Writing a novel of the highest standard one can requires patience, perseverance, imagination, and the ability to use language to express emotion, engage the senses, realize characters, describe what is visible and invisible, tell a story that is credible and incredible, and transport and—at its best—transform its author and, therefore, its readers in some way.

Historical fiction asks even more of a writer’s time and resolve, inquisitiveness, attention, and literary maneuvering.

To quote Susan Vreeland, a very fine writer of historical novels: “Writing historically-based fiction is first a matter of discovery, then focusselection, and invention.”

It involves all she ‘says’—discovery, focus, selection, and invention—but, as I’ve experienced, not in such a linear way as she implies. For me those requirements are continuous and often blended. The seemingly endless research offers so much information (and, just as challenging, so little) and needs the imagination to honor that information and disregard it at the same time.

Susan Vreeland also writes: “Research itself can be a pitfall—not finding something you need as well as its converse, finding out something you don’t want to find out. When fact conflicts with what an author needs a character to do, it’s always a sensitive question. There is no universal answer. At times, one must hold one’s ground, and resist the tyranny of fact for the greater good of the narrative, if doing so does not measurably alter history.”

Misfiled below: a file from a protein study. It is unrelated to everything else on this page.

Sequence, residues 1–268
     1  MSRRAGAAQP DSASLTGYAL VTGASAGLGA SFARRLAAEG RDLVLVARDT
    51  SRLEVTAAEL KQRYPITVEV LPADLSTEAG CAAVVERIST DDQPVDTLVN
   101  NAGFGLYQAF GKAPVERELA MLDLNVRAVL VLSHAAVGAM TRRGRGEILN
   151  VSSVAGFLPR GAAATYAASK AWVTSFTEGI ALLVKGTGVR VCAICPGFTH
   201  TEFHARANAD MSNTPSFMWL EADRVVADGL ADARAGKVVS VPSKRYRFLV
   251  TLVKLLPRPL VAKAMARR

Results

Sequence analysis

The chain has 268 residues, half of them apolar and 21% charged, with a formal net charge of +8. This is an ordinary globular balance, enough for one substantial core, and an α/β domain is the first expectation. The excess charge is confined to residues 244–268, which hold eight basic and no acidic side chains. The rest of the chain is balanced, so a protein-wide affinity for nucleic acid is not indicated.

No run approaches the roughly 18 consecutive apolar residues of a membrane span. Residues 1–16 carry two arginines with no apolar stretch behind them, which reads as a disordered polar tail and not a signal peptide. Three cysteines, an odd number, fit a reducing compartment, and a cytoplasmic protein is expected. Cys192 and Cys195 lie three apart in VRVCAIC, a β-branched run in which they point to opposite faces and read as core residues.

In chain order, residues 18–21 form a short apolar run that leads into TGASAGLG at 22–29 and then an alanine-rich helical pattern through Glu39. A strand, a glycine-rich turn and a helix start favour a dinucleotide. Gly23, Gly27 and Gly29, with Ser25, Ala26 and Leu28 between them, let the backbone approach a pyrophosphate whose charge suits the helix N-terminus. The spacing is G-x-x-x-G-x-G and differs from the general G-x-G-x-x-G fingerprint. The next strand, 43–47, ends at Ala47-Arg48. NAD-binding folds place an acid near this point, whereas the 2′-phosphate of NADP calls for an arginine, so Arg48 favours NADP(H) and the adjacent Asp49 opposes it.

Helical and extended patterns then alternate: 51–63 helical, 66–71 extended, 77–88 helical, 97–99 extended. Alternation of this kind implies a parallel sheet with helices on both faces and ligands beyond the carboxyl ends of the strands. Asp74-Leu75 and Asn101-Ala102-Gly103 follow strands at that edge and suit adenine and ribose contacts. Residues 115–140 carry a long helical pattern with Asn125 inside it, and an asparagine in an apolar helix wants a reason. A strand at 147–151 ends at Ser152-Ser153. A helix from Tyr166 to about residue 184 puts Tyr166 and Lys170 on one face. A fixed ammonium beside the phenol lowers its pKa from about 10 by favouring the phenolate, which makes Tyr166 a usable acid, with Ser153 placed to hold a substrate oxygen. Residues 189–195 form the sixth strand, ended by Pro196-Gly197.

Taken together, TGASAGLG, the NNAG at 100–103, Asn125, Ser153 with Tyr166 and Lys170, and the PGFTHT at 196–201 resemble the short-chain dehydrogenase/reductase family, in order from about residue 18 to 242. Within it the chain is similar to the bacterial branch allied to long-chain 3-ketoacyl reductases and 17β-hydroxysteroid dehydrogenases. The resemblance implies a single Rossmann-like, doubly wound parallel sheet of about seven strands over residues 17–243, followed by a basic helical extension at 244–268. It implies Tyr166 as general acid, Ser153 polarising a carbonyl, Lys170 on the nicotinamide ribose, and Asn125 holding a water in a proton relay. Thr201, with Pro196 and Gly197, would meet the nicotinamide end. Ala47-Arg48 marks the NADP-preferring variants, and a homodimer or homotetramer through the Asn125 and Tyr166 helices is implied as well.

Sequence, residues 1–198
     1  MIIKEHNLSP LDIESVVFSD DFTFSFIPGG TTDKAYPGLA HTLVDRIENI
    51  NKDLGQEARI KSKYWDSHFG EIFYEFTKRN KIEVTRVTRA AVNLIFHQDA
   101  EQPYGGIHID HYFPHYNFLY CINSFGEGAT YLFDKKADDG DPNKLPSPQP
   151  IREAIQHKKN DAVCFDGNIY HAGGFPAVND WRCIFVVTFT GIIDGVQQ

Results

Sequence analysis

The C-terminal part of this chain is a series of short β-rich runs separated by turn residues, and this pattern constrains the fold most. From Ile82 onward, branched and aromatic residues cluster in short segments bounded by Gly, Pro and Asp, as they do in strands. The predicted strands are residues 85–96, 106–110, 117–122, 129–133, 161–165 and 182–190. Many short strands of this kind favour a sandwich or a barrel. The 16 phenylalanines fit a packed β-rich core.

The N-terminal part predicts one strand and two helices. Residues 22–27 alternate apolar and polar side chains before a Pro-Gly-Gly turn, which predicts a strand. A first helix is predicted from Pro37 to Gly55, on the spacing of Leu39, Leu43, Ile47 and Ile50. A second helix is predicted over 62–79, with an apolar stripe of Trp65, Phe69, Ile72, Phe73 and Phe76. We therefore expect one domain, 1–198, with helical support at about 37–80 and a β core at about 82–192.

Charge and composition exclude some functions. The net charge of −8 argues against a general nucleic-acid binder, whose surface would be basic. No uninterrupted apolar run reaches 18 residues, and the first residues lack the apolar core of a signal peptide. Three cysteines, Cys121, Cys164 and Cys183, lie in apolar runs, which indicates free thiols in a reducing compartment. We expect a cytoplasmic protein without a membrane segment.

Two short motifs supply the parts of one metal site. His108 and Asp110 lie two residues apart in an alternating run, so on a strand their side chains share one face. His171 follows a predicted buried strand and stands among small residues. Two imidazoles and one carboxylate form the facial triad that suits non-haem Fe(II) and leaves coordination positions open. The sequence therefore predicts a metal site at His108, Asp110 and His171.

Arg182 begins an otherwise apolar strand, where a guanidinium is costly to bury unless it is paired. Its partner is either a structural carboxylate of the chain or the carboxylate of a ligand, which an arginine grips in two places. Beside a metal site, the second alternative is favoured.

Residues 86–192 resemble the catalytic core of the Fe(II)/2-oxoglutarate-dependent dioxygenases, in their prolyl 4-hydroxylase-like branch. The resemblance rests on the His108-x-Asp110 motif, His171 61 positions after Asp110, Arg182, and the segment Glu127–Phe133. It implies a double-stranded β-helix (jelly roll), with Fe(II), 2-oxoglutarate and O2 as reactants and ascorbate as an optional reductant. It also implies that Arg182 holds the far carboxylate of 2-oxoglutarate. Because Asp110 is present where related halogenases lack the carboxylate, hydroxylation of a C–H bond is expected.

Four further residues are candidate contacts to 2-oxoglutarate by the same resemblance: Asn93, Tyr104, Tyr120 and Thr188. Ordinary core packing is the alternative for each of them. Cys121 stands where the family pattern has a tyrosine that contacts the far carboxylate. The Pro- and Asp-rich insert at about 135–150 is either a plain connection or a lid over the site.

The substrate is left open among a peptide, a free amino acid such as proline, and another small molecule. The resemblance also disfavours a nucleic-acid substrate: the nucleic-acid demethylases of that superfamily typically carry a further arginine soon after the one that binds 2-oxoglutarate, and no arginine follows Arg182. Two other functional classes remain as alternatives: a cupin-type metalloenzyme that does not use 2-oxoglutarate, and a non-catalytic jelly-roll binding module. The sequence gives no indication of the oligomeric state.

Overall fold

Authoring a historical novel is a constant challenge of creatively choosing to include and having to leave out, and like all good writing, knowing there can be as much revelation in the spirit as in the substance of what is written.

The satisfaction, even when it takes years, of mixing work with pleasure to give history—especially, for me, the most personal history—everlasting breath is immeasurable.

I can honestly say that I have “followed” Susan Vreeland’s instruction, if unknowingly until I read:

“Love every step of the way, every moment of discovery. Love your characters, your time period, your scenes. If you don’t love a scene, then find out what’s wrong with it. Love the story enough to ferret out details; though don’t include them no matter how delicious if they don’t contribute to your narrative arc. Love the revision process whereby your story develops texture, multiple dimensions and deeper thematic reach. Love the work enough to leave no stone unturned in its pursuit and refinement.”

~ I invite you to read Susan Vreeland’s complete essay on Historical Fiction here.

 

Copyright 2015 by DM Denton

Copyright 2015 by DM Denton